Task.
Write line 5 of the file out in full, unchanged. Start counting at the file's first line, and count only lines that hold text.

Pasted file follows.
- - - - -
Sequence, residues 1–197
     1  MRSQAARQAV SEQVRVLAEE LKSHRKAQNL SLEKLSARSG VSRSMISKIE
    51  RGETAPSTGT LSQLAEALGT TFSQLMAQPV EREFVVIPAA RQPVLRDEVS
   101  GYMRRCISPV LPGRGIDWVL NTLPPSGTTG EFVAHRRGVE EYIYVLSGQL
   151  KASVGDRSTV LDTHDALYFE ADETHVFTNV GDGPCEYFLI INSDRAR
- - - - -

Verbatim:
   151  KASVGDRSTV LDTHDALYFE ADETHVFTNV GDGPCEYFLI INSDRAR